doi:10.1371/journal.pone.0101368
PMCID: PMC4077805  PMID: 24983754
16.  Summary of guidelines for infection prevention and control for flexible gastrointestinal endoscopy 
BACKGROUND:
High-quality processes to ensure infection prevention and control in the delivery of safe endoscopy services are essential. In 2010, the Public Health Agency of Canada and the Canadian Association of Gastroenterology (CAG) developed a Canadian guideline for the reprocessing of flexible gastrointestinal endoscopy equipment.
METHODS:
The CAG Endoscopy Committee carefully reviewed the 2010 guidelines and prepared an executive summary.
RESULTS:
Key elements relevant to infection prevention and control for flexible gastrointestinal endoscopy were highlighted for each of the recommendations included in the 2010 document. The 2010 guidelines consist of seven sections, including administrative recommendations, as well as recommendations for endoscopy and endoscopy decontamination equipment, reprocessing endoscopes and accessories, endoscopy unit design, quality management, outbreak investigation and management, and classic and variant Creutzfeldt-Jakob Disease.
DISCUSSION:
The recommendations for infection prevention and control for flexible gastrointestinal endoscopy are intended for all individuals with responsibility for endoscopes in all settings where endoscopy is performed.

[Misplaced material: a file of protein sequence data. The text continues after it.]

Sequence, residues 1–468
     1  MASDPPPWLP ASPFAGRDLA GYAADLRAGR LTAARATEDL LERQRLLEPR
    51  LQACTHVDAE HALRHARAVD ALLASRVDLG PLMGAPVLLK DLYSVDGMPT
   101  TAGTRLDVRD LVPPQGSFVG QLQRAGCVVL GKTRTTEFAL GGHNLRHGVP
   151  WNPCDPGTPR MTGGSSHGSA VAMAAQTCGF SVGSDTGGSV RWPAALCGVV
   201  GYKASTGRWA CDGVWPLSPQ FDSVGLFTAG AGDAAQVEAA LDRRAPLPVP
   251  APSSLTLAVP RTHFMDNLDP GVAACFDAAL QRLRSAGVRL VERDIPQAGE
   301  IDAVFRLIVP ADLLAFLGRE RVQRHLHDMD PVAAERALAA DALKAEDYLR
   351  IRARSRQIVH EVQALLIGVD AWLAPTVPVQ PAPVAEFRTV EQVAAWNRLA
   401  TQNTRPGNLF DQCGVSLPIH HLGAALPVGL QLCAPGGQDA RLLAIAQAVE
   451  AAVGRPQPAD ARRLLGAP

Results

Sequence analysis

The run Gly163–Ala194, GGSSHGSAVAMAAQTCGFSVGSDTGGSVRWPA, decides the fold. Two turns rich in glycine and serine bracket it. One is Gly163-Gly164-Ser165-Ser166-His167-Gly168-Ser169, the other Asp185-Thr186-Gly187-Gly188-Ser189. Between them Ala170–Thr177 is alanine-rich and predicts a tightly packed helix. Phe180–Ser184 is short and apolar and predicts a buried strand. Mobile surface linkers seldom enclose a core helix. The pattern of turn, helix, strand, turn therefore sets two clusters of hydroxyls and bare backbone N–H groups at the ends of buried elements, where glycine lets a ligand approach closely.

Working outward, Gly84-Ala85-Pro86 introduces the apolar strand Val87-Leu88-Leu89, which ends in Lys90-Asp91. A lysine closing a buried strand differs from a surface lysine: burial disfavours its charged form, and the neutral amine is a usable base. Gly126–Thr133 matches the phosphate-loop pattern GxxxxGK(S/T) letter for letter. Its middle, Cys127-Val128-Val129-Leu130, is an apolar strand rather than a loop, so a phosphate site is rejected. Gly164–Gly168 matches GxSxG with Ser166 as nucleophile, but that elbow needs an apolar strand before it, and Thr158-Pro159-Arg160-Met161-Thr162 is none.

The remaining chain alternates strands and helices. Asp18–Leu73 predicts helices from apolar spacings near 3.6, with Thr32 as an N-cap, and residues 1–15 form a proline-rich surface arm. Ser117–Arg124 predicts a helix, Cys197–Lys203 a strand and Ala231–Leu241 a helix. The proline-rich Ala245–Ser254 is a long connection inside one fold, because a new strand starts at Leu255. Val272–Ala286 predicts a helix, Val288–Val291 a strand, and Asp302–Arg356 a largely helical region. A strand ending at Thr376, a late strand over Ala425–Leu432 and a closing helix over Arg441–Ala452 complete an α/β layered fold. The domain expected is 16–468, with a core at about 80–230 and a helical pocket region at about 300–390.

PMCID: PMC3684370  PMID: 23781518
Endoscopy; Gastrointestinal; Guideline; Infection; Prevention
19.  Virtualizing the Assessment: A Novel Pragmatic Paradigm to Evaluate Lower Extremity Joint Perception in Diabetes 
Gerontology  2012;58(5):463-471.
Background
Persons with diabetes have a higher risk of falls and fall related injuries. People with diabetes often develop peripheral neuropathy (DPN) as well as nerve damage throughout the body. In particular, reduced lower extremity proprioception due to DPN may cause a misjudgment of foot position and thus increase the risk of fall.
Objective
An innovative virtual obstacle crossing (VOC) paradigm using wearable sensors was developed in attempt to assess lower extremity position perception damage due to DPN.
Methods